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Credit Unions

Help Us Help You: How Providing Content Feedback Helps Everyone

Molly Mantei
Dec 19, 2018


Are you one of the 72% of American online consumers who would prefer to find the answer to your question on a company’s website rather than call or email the company? If so, this post is for you.

One of the first places to turn to for help is the company’s FAQ or help content. If you work within the financial technology or services industry, you most likely aim to find the answer to your question by yourself because this should be the most time-effective strategy. As a customer, you consume a great deal of content throughout your day. In fact, according to the first-quarter 2018 Nielsen Total Audience Report, American adults spend over 11 hours per day consuming content. So, when you are searching through help content and your answer is nowhere to be found, you gradually get frustrated.

You may dread having to explain your problem to someone over the phone. You most likely don’t want to call the company unless you have a complex question or problem where human assistance and reassurance is needed. All you want to do is find your solution as quickly as possible.

Even though online help creators have the best intentions, the help may not be what you need. The answer you’re looking for may be too difficult to find, buried in insignificant content, or just not there. At this frustration point, you probably feel like you have two options: give up your search all together or contact the company through email or phone. But what if you had another option that you’ve become so used to overlooking that you haven’t even thought to take advantage of it? You could leave feedback on the help.

When you leave feedback, technical writers like myself read it. Technical writers research your content pain points, contact subject matter experts on how to improve the content, and provide answers to your unanswered questions. When you leave feedback, not only are you helping prevent others from experiencing a never-ending solution search, you are also helping your future self. You may return to this content in the future and bump into the exact same issue.

So where do you leave feedback about the help? There are multiple ways that companies may ask for documentation feedback, but here are two common feedback opportunities that you may have overlooked in the past:

  1. Comment Boxes
    • When you first think of comment boxes, you may be thinking of the ones you see on social media. You know, the ones where you keep tagging your friends, begging them to buy you the latest and greatest Golden Girls Christmas sweater? Well comment boxes strategically placed at the bottom of help and FAQ content assist in an important goal: improving help content to better serve you. These comment boxes may lead with a question, such as How can we make this page better? or What can we improve in this topic? Companies that provide comment boxes like these are giving you the opportunity to speak your mind. Nestled inside every great company’s core is the desire to give you the best service. If that company’s help content didn’t help you, consider leaving a comment so they can better serve you, and others, in the future.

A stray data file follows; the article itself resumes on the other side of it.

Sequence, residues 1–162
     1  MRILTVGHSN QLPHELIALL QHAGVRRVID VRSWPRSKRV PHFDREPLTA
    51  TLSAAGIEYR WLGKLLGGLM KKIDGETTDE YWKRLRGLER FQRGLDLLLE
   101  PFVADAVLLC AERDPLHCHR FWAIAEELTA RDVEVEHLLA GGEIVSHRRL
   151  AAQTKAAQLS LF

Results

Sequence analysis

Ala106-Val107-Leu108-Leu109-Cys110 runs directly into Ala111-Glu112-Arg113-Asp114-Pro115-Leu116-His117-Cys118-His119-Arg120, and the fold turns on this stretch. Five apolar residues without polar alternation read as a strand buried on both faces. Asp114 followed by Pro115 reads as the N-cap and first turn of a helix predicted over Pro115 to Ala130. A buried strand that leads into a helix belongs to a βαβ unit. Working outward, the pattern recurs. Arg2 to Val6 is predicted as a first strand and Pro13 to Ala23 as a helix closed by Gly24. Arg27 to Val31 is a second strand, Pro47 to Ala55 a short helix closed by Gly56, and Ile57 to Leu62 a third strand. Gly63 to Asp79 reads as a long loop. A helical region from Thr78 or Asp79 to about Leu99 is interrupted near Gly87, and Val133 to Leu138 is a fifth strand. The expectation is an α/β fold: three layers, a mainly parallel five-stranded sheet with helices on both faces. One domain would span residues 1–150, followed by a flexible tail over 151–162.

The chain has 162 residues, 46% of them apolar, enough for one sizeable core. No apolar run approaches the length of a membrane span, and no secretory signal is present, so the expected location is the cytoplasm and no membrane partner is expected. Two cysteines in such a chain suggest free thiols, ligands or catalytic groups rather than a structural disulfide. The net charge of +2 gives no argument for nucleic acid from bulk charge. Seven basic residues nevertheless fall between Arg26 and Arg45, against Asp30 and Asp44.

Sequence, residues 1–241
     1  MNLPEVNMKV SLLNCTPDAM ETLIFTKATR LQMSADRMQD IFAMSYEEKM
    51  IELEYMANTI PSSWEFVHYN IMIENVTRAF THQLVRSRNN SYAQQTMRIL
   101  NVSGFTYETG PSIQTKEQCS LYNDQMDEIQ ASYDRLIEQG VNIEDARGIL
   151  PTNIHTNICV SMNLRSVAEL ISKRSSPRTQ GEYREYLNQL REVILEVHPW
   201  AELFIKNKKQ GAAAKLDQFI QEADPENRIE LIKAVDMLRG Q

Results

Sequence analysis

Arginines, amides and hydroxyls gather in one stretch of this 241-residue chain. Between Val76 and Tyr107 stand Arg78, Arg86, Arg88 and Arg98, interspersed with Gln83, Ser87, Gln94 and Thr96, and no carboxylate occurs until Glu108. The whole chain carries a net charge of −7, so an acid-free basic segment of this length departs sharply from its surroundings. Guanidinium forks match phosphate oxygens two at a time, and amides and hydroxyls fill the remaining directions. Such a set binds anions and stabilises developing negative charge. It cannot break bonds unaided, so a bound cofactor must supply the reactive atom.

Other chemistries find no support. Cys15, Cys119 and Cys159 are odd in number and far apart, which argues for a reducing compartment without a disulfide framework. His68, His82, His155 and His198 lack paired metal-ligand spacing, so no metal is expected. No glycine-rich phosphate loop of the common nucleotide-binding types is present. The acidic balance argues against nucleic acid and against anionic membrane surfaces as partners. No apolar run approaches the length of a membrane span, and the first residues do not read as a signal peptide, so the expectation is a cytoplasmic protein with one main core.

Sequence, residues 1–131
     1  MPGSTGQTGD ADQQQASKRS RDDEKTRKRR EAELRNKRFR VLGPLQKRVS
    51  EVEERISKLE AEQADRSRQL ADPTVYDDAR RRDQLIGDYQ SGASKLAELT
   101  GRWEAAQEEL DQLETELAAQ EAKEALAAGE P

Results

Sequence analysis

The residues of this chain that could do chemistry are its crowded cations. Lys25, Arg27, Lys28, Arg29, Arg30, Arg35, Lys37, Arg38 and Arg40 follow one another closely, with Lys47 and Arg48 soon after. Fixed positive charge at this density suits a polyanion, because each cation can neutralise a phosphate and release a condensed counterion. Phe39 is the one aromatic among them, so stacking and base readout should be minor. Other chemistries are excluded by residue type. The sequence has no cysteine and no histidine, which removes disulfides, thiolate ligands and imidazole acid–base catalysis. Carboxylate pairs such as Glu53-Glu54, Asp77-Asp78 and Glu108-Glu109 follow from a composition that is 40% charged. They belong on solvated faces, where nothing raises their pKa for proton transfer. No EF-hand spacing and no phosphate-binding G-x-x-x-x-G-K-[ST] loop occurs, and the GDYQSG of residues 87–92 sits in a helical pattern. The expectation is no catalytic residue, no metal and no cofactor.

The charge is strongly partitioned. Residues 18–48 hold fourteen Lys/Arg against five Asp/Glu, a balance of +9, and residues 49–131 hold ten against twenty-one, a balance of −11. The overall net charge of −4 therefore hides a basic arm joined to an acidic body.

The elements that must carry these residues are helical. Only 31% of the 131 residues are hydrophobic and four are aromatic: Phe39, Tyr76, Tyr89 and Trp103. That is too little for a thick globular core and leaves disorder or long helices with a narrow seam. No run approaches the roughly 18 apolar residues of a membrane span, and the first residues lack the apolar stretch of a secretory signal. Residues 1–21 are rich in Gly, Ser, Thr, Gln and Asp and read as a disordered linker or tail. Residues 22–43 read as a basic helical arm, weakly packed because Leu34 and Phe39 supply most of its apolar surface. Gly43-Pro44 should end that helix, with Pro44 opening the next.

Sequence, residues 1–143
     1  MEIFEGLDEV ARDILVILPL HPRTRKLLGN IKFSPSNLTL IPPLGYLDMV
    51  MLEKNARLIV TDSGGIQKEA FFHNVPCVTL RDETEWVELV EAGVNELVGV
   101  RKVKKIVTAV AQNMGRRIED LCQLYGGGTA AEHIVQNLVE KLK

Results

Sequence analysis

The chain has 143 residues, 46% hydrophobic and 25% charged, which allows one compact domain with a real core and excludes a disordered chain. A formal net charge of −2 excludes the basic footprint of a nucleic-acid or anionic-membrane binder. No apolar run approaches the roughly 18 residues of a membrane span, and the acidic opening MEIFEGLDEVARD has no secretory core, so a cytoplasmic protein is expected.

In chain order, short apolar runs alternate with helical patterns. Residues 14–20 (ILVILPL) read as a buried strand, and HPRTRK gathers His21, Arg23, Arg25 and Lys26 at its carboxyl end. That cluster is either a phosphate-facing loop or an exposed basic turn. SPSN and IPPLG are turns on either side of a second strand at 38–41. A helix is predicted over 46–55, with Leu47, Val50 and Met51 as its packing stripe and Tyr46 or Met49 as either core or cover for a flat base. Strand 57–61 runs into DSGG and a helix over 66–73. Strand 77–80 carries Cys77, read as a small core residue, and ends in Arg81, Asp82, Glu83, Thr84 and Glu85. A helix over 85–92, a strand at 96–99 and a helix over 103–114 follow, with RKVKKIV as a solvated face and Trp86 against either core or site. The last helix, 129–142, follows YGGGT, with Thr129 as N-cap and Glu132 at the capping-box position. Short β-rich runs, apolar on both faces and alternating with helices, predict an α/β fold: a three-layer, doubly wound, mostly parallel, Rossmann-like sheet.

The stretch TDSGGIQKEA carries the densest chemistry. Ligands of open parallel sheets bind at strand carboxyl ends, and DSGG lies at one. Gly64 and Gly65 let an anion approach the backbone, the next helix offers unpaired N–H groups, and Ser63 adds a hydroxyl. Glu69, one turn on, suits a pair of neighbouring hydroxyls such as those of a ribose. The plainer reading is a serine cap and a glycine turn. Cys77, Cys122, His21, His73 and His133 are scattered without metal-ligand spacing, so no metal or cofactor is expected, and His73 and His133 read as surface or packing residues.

Figure 1: Example of a content comment box



  1. Feedback Forms
    • The feedback form is the comment box’s Type A cousin. Feedback forms are typically hiding behind a little message icon and although they try to play coy, they are dying to be filled out. Feedback forms have controlled fields which allow you to provide feedback in a structured, specific manner. As suggested by Katie Bennett in her post, Help Me Out: 4 Ideas for Leveraging Help Documentation, leaving specific feedback allows writers to know exactly where and what your content pain point is. Feedback forms guide your responses so you can provide specifics on the content issues you are experiencing. Some forms may ask you to rate your experience or provide categories to work from such as typos or content corrections. This allows you to provide the human behind the screen the context of your frustrations. You can relay where you were reading incorrect content, explain what you want changed, and answer product-specific questions that will aid the writer in the update process.

    Figure 2: Example of a feedback form



As a technical writer at Jack Henry & Associates, I rely heavily on feedback. Scott Tousley, Growth Marketing Team Lead at HubSpot, summarized my feelings best when he wrote, “If we don’t know what’s right, we can’t do more of it. If we don’t know what’s wrong, we can’t do less of it. Without customer feedback, we are destined to fail. If we don’t know how our customers feel, what makes them tick, or where they are frustrated … we will fail.”

When I lack customer feedback, my margin of dissatisfaction is unintentionally widened because my content may not be what you need. For those of you working in the financial technology or services industry, you might access multiple companies’ products and content throughout the work day. For the companies that you work with on a day-to-day basis, tell them what content you need at your fingertips to be successful. Writers want to hear feedback about their content so they can improve it to meet your needs. As a technical writer, I am here to support you, so you can support yourself.

During your next wormhole search experience, before you give up entirely or contact the support team, will you consider leaving feedback about the help?

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